Log4Shell and Third-Party Vendors: How Will This Affect You?

By Alana Stroud, Cybersecurity Risk Content Analyst
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With the whole world losing their marbles over the Apache Log4Shell vulnerability (and rightfully so), many companies are left wondering, “How does this affect me?” If you have not yet read one of the hundreds of articles floating around on the interwebs regarding this topic, let this be one that helps answer that question--especially if you’re a third-party provider.

First, let’s understand what happened. CVE-2021-44228, aka Log4Shell, has been described by the National Institute of Standards and Technology (NIST) as deserialization of untrusted data, uncontrolled resource consumption, and improper input validation. What this means is an attacker can use Remote Code Execution (RCE) to engage with software that uses the Java logging library Log4j versions 2.0 and 2.14.1 without authentication.

Once this vulnerability is exploited, attackers can execute arbitrary code to install backdoors and establish persistence in one’s environment to hopefully come back later and inject malware using email or log-ins. Researchers are already calling this threat “wormable” - referring to its ability to multiply and spread quickly - and anticipate the exploit to last for months or even years, gradually tapering off over time as companies make remediation efforts.

Patching and mitigation diligence (e.g. tightening up access management, hardening LDAP servers, and blocking malicious IPs at the firewall) are the only solutions. This vulnerability poses a high risk to all sectors, whether government, business, or private home users. 

If you are a third-party vendor (and as businesses, we all are), clearly this should be a concern. Not only is your business reliant upon your relationships with your customers and partners, but they have to trust that you are doing your part to shore up your network, patch, and harden so they remain safe from you.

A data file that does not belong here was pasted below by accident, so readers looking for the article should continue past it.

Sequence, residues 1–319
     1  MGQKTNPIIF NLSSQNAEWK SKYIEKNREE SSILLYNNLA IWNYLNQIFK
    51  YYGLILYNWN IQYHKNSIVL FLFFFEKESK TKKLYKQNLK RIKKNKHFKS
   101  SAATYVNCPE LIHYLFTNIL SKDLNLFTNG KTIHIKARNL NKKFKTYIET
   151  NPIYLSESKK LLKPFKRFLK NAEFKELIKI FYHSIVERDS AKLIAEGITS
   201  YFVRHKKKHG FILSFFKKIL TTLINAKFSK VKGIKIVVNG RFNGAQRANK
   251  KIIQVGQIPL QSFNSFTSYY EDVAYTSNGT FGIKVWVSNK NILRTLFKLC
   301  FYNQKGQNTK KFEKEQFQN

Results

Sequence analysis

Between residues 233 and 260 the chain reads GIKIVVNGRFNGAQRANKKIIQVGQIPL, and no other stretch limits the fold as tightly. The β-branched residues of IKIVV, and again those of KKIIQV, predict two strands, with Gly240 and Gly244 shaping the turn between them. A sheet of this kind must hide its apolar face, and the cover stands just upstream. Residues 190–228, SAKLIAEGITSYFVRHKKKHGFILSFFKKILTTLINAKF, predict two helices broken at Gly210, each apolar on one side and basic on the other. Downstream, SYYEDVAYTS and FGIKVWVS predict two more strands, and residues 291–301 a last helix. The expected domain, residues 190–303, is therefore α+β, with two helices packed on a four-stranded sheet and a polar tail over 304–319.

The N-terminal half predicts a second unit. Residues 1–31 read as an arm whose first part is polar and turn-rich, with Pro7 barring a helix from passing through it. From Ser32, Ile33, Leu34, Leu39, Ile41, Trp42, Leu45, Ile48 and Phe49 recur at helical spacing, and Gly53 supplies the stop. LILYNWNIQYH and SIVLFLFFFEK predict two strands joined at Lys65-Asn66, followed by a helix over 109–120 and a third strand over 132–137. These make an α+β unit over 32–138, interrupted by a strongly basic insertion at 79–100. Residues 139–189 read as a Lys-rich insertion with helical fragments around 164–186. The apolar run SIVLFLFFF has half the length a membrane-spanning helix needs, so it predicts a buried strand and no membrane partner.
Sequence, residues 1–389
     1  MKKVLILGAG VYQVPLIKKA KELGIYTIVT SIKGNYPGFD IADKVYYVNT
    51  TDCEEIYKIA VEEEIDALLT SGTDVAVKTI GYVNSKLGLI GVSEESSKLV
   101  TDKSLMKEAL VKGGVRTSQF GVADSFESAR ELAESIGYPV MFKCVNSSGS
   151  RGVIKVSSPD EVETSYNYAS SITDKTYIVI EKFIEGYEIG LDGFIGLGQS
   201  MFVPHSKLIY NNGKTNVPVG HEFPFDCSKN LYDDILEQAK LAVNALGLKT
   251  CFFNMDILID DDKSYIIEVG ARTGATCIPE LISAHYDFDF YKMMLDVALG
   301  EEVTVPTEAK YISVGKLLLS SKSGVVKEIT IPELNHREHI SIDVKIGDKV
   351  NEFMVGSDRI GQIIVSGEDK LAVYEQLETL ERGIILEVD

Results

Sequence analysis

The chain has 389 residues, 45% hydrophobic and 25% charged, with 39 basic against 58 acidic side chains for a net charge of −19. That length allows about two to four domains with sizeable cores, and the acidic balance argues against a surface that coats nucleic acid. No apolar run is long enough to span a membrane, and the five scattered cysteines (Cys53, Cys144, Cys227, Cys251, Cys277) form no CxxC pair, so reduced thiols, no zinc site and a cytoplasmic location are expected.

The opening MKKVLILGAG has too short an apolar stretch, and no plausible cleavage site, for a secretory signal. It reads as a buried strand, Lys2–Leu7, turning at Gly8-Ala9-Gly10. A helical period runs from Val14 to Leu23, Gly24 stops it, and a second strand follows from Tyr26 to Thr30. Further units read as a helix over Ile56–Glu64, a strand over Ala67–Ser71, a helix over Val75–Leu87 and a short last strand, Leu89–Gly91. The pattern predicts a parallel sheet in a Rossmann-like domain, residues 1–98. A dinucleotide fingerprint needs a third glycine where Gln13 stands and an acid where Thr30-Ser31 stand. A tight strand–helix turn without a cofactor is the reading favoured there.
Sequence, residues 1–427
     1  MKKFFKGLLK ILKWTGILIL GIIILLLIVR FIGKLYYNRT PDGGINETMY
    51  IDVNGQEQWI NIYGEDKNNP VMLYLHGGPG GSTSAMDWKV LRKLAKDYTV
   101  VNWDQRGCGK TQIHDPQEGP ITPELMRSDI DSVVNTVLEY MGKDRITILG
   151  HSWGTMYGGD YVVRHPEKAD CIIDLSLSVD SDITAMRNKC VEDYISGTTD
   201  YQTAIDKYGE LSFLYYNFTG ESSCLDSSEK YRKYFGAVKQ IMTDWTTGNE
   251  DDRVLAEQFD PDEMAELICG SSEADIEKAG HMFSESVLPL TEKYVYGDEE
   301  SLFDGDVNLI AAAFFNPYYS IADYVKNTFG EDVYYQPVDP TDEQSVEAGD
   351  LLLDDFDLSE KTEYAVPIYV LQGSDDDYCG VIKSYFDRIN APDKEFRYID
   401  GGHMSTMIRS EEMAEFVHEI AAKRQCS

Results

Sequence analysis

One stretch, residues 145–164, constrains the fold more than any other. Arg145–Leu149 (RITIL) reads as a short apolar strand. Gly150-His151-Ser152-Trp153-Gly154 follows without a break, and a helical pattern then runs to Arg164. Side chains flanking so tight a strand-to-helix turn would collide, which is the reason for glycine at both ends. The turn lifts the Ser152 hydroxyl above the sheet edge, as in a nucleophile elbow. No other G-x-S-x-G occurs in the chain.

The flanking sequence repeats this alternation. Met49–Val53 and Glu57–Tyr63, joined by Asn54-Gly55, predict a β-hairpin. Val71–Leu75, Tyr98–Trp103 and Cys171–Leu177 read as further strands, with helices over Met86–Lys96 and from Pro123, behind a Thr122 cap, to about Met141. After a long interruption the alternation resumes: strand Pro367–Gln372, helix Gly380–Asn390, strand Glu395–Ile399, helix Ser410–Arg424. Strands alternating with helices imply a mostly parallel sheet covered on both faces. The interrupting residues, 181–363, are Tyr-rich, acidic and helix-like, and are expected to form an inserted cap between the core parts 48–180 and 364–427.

With over 200 companies worldwide having already been affected by this exploit, including giants like Amazon, Cisco, and IBM, the chances of this hitting close to home are plenty.

CyberGRX has already uploaded a LogJam threat profile in our mapping database so our third parties can use it to discover if their existing controls are sufficient to keep this threat at bay, or whether some remediation is needed.

By utilizing this tool, you are showing your customers that this concern is a priority for you and your continued business partnership with them. As ubiquitous as Log4Shell is, staying on top of the game is imperative.

A simple way to help yourself stay current on cyber events, necessary patches, and remediation techniques on emerging critical vulnerabilities is to sign up for email notifications from organizations like Multi-State Information Sharing and Analysis Center (MS-ISAC) from The Center for Internet Security (CIS), United States Computer Emergency Readiness Team (US-CERT) from the Cybersecurity & Infrastructure Security Agency (CISA), and Infragard from the Federal Bureau of Investigation (FBI). All of these agencies send out alerts that provide an overview of the exploit, threat intelligence, systems affected, risk impact to your organization, technical summary, recommendations, and references. Expect as time goes on and more is learned about this vulnerability that new information will be released, and it is up to you to stay on top of it.

CyberGRX customers and third parties now have access to the LogJam Threat Profile, available in the Framework Mapper tool. This profile allows a company to pull a report for individual third parties to view their coverage of controls that have specifically been identified as being critical to preventing, detecting, or responding to the Log4j vulnerability. In line with our other threat profiles (CodeCov, Accellion, SolarGate, etc.), this new threat profile provides a view of how the third-party rates against each identified control. Companies can filter by those controls that are missing/absent and follow up with the third party to request remediation.

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Alana Stroud

Cybersecurity Risk Content Analyst
Mark
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